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Lesson Plan for Swift's "A Modest Proposal"

written by: Peter Boysen • edited by: Elizabeth Wistrom • updated: 1/20/2012

Are you teaching a unit on irony? Whether or not you are using Gulliver's Travels with your class, you can use this "A Modest Proposal" lesson plan to introduce Jonathan Swift to your students.

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    Providing Context

    Begin the lesson with an introduction to the author and the context of the piece. You can choose how much detail you give your introduction to Swift's life, but you will definitely want to point out the outrage he felt at the way that the British government treated the Irish, particularly the poor. During Swift's time, the Irish sought to join England, but were not permitted to, and the way England dealt in commerce with Ireland led to terrible living conditions for many, simply because economic opportunity was nonexistent.

    "A Modest Proposal" was just one of many essays that Swift wrote during the 1720's, as he became passionately involved in Irish politics. Swift employed sarcasm which, at that time, was not nearly as intertwined with social discourse as it is in our own time. As a result, most of his rhetorical argument went misunderstood. This essay would actually be the last that Swift would write about poverty in Ireland.

    To help your class establish context, as a warmup at the beginning of class, ask your class to jot down the two or three most important political issues in the country. Then, ask them to jot down a sentence or two detailing a way that they would solve these problems.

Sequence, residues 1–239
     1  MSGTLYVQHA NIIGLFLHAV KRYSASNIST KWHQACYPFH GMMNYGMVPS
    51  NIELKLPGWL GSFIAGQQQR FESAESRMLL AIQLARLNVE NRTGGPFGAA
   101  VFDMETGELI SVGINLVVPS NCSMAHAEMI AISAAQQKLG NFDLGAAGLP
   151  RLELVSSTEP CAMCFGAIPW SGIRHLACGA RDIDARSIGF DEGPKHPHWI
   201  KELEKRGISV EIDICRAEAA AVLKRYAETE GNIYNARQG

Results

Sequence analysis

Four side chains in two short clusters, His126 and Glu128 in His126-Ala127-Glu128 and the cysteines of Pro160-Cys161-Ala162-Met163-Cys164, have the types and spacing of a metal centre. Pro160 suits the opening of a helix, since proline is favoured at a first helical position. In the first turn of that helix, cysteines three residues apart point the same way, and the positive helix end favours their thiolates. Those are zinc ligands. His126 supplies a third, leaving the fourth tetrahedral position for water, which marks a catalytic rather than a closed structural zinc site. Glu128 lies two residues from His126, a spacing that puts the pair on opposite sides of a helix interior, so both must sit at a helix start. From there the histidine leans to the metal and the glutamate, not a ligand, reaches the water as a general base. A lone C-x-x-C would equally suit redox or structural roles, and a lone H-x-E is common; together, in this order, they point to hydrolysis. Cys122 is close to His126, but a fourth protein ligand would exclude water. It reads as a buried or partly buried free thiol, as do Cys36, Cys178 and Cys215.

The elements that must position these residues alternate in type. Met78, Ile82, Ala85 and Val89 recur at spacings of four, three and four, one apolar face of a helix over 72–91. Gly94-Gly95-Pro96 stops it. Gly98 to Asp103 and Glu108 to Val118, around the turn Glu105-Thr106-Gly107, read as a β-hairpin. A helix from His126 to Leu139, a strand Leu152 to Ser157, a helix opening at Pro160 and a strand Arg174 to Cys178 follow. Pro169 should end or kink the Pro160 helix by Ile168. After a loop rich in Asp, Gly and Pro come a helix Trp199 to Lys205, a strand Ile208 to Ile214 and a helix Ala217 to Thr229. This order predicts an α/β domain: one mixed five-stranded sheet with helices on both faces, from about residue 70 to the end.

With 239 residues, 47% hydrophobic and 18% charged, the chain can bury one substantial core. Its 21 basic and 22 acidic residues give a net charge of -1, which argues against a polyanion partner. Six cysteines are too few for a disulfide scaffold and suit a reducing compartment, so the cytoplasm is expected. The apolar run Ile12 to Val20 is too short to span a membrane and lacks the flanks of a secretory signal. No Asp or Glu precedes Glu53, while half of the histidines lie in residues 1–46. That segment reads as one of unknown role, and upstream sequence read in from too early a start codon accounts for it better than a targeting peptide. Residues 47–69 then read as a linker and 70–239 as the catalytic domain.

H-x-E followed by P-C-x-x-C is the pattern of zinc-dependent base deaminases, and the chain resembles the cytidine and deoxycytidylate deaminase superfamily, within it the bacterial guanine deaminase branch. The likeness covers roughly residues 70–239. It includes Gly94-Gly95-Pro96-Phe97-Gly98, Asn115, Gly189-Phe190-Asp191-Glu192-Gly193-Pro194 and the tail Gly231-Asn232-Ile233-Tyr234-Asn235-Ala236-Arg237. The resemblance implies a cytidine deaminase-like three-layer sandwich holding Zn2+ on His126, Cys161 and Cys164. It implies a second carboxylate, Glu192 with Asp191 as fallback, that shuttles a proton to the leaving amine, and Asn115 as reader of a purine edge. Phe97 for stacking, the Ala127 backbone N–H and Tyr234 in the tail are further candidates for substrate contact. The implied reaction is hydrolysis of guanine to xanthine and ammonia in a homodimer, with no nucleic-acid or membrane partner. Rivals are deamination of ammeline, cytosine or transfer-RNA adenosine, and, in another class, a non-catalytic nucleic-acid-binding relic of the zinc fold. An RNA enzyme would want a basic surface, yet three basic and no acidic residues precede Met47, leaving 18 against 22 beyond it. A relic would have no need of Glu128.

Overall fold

Then, move into a whole-class discussion of what people thought of. In a junior- or senior-level English class, you should get some interesting responses.

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    Reading the Piece

    Depending on your class, you can take one of two approaches to your A Modest Proposal lesson plan: Have your students read the essay as homework, or complete the project together during class. If you have your students read it outside class, you will be replicating the experience that Swift's readers had -- reading the essay without any outside information -- but if you have struggling readers, you may want to read it together.

    Either way, as your students read it, treat it as a sincere essay. Have them identify the main idea of the paper, as well as points of support that Swift makes for his case -- the selling of the Irish young as livestock for consumption by the wealthy in England.

    After your warmup, and after the students have been exposed to the essay, ask the students what they think of Swift's solution. Ask if any of the students think Swift is being serious about this plan. Then, move to a discussion of why Swift would write this way. Clearly, Swift has strong feelings about poverty -- what do your students think was Swift's purpose in using this ironic construction?

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    Student Responses

    Here are some activities for student response to the lesson plan. You can do these in class, or have your students do them as extension activities after class, if your discussion takes the rest of the period.

    1. Write a modern version of Swift's essay, addressing a social problem in our own time. You could also address poverty, or unemployment, but if you wanted to shift to an environmental or other topic and keep the abrasively ironic approach, that would be fine too. Two to three pages.

    2. Write a screenplay portraying a scene that could happen if the ideas in this essay became policy. Remember that Swift is writing this as a serious expression of anger at the English treatment of Ireland, so maintain a serious purpose in your writing. There are all sorts of creative ways to express this theme, as this video indicates.

    3. Pretend that you are a leader in the English government. After seeing this essay, what would you write in response?

    4. This essay is clearly an example of verbal irony, or sarcasm. How does sarcasm affect its environment? How does sarcasm affect interpersonal relationships? How does it affect the moral of the people who use it, and who hear it?

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    Suggested Resource

    For information about Swift's life: http://www.sparknotes.com/lit/modestproposal/context.html